Local co-operative seeing growth as interest in solar power rises
As more Regina residents and businesses become convinced of the power of solar, local startup Wascana Solar Co-operative has seen strong growth in its first year of operation.
“There are more and more people, either as individual homeowners or businesses or organizations, who are interested in converting to solar. You know, it really seems to be taking off,” said Susan Birley, vice president and founder of the organization.
Birley said the organization is responsible for nearly 400 solar panels going up across the Queen City since its first annual general meeting in June 2018, with its membership growing from around 30 people to nearly 100.
Those hundreds of solar panels include 115 panels recently installed on the roof of the Conexus Credit Union’s North Albert branch, the largest solar installation in Regina, Birley said. The panels are expected to generate 41.9 kilowatts of electricity each year, more than half the power the branch needs.
John Brazill, the director of large-scale projects for Wascana Solar Co-operative, said this was the organization’s first large-scale installation. Members purchased shares in the project through the co-operative, putting up enough money to buy the solar panels. The power generated by the panels will be sold to SaskPower, and Conexus gets the benefit of a green roof without having to invest in the solar equipment.
When the call went out to the organization’s members about investing in the Conexus partnership, Brazill was surprised to see 39 people jump on the opportunity.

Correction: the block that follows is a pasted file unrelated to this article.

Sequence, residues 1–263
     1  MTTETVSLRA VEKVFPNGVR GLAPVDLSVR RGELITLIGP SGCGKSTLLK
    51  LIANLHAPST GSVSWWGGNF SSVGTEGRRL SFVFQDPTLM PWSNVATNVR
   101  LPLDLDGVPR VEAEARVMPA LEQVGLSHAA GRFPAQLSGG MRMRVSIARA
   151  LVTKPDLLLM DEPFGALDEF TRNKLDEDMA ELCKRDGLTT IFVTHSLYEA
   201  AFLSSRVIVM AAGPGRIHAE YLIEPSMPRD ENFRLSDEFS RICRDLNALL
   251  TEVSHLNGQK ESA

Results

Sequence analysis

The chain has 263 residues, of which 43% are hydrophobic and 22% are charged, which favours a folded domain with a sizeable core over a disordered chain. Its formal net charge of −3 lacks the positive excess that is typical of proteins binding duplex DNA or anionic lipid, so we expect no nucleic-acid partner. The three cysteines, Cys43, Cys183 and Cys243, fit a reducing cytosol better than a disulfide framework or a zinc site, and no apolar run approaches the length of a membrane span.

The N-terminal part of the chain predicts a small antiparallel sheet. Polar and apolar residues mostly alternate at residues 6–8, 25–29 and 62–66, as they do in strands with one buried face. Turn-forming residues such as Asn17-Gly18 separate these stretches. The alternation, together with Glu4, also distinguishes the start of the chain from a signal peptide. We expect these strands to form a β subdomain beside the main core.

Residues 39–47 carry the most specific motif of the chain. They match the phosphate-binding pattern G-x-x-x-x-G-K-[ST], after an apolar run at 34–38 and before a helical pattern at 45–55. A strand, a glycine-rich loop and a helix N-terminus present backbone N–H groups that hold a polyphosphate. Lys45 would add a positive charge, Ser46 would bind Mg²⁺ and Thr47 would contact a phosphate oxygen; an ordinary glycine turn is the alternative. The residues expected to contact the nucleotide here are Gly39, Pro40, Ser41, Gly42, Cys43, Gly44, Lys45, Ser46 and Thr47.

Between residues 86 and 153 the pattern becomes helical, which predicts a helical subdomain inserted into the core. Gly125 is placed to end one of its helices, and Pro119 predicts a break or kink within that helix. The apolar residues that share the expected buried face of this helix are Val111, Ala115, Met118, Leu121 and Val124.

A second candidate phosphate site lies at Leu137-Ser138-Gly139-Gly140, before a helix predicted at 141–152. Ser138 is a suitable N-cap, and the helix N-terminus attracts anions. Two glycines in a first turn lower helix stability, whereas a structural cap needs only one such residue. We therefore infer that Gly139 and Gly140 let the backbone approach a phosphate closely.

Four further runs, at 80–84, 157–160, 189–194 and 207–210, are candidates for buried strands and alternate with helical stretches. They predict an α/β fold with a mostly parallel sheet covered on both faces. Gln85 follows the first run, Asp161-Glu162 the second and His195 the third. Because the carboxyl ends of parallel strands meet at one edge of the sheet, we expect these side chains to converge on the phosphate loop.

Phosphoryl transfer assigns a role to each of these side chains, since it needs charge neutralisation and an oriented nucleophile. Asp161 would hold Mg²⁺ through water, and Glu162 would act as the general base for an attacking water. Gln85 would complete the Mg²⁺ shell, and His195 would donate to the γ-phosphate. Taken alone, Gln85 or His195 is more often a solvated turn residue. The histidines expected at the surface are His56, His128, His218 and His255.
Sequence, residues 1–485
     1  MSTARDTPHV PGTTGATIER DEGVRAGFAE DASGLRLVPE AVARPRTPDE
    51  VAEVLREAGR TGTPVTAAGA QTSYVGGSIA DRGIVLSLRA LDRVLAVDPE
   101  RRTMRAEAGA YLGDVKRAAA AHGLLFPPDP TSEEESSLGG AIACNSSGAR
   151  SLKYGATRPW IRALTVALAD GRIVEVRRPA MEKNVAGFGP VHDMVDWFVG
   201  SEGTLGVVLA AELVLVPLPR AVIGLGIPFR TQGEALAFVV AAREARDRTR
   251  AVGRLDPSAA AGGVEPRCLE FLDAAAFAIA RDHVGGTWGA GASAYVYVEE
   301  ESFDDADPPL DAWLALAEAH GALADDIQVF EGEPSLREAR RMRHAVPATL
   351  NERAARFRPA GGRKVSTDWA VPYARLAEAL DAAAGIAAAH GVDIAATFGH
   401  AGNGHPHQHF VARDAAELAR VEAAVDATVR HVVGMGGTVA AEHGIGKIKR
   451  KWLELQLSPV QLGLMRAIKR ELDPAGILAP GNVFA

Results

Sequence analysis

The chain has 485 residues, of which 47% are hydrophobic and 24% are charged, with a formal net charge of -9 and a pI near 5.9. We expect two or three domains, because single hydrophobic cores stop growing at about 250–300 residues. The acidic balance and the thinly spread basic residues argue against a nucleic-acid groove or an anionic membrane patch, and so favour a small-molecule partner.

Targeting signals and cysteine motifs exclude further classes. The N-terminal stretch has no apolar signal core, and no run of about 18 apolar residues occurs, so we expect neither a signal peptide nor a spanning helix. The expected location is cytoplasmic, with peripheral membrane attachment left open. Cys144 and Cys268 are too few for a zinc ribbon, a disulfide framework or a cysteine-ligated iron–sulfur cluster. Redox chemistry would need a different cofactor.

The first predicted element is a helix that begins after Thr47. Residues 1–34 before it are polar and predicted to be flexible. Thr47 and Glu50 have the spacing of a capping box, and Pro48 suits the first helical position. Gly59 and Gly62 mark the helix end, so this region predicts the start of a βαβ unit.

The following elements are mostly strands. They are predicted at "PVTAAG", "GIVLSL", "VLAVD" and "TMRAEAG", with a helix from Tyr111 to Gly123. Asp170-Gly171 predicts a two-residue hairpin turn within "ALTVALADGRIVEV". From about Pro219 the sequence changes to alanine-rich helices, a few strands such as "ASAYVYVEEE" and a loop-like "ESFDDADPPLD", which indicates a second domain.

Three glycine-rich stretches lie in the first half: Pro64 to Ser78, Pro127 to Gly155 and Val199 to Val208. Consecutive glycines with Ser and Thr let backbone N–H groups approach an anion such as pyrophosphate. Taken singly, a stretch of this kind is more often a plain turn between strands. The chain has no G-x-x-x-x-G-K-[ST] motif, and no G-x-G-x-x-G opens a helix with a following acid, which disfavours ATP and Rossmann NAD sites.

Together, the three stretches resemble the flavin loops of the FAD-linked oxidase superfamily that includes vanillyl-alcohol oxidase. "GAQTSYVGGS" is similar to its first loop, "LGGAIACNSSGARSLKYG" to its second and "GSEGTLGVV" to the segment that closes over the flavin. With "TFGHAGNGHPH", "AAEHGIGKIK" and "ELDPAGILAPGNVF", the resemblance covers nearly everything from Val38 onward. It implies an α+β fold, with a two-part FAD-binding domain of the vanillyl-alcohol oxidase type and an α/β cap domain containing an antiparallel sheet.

“People get the idea of supporting a non-carbon project,” he said. “If they can do something small and get involved and actually contribute to a different type of energy investment, then they’re anxious to do it.”
The remaining 278 solar panels installed in the last year came from the organization’s first group buy, where residents who wanted to convert their homes to solar power bought panels in bulk at a discounted rate.
With the first group buy such a success, Birley said the organization is already working on its second group buy and hopes to launch a third in the fall.
“We’re at a good time right now to get some more projects going,” she said. “Southern Saskatchewan is just in the sweet spot for solar energy generation. We have so many more hours of sunlight than most of the rest of Canada.”
Brazill said more large-scale projects are also coming down the pipe, and the organization is always on the lookout for more partners.